How to Shut Down a Google Account

If your Google account password is stolen,  you can close it and create a new account.
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Since all your Google Web applications are related to a single account, it is not difficult or time consuming to shut them all down. In fact, it takes only your password and a few mouse clicks. Before you say goodbye to your Google account forever, however, there are a few things you might want to consider.

1 Google Associated Accounts

Your Google account controls access to applications like Google+, YouTube, Google Play, Picasa, Google Drive, Calender, Maps, Blogger, Google Wallet and Gmail. If you sign on to your Android smartphone or tablet using your Google account, you will lose your mobile device's contacts and backup data as well.

2 Backup Data

You may want to hold on to some data in your Google account such as your contact list, Gmail messages, calendar data, Google Drive files and Picasa photos. Each application has specific instructions on how to back it up. For example, you can back up your photos to a CD or DVD. You can download your Google Drive files, save your contact list, export your calendar and back up your email with a POP email application like Outlook, Thunderbird or Eudora.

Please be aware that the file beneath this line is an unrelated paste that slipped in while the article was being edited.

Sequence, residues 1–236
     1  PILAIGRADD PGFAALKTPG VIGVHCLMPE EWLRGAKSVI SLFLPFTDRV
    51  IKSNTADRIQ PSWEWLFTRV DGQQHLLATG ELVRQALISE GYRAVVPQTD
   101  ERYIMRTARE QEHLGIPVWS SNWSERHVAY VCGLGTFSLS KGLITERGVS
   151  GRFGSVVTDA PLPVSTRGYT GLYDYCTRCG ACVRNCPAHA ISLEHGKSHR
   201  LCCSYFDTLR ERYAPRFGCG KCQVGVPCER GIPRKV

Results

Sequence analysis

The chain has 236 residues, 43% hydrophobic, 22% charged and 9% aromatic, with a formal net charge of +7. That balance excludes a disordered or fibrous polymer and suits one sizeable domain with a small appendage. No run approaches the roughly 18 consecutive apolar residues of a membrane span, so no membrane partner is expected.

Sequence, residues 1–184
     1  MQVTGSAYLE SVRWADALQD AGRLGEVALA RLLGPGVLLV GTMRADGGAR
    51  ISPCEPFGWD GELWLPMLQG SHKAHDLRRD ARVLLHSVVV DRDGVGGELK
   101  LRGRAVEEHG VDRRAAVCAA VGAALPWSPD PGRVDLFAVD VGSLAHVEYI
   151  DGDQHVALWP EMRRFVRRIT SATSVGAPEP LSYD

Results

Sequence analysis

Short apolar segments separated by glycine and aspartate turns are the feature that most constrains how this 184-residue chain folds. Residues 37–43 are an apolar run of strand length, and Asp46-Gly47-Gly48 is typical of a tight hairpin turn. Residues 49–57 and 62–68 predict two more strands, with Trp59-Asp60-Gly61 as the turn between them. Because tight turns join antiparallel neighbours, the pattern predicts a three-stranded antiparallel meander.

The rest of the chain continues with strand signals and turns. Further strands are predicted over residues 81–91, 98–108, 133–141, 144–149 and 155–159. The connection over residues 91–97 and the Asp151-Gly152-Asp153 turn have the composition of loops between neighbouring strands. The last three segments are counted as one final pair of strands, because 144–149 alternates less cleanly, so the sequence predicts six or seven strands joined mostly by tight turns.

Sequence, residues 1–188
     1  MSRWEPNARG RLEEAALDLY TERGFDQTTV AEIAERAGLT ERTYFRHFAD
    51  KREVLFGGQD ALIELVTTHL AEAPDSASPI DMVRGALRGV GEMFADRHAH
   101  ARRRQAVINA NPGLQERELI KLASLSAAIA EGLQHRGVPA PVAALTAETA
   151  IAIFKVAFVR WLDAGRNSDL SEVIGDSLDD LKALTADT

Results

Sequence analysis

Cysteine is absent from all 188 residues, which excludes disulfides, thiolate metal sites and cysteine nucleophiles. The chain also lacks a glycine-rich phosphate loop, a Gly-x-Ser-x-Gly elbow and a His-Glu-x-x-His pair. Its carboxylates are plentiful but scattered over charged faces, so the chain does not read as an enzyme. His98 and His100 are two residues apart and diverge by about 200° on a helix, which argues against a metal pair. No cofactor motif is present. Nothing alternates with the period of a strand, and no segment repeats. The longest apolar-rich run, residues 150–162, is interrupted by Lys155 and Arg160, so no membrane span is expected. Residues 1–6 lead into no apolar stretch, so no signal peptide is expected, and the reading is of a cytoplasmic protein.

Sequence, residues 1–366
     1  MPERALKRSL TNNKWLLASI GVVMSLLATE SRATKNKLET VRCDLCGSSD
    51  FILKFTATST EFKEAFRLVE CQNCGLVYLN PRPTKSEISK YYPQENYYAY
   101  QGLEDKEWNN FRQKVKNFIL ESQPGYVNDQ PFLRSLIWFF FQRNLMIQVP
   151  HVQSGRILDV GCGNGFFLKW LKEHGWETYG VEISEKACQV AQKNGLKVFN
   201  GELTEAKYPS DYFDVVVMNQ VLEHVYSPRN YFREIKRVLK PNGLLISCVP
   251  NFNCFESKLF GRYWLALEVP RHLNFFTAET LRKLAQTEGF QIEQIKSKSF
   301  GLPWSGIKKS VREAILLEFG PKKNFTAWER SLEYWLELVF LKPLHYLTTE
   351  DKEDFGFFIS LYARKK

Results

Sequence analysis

3 Delete Account

To delete your Google account, visit the Google Account home page (see Resources), log in, click "Data Tools" and then "Delete account and data." Review the consequences of deleting your account, then (if you still want to delete your account) enter your password and click the "Delete Google Account" button.

4 Restore Your Account

Your Google account won't disappear immediately after you click the "Delete Google Account" button. For a brief period, you may be able to recover your account and its associated data. Although Google doesn't guarantee it will work, you may be able to restore your account by visiting the Password Reset page (see Resources), clicking "I don't know my password" and following Google's instructions.

Allen Bethea has written articles on programming, web design,operating systems and computer hardware since 2002. He holds a Bachelor of Science from UNC-Chapel Hill and AAS degrees in office technology, mechanical engineering/drafting and internet technology. Allen has extensive experience with desktop and system software for both Windows and Linux operating systems.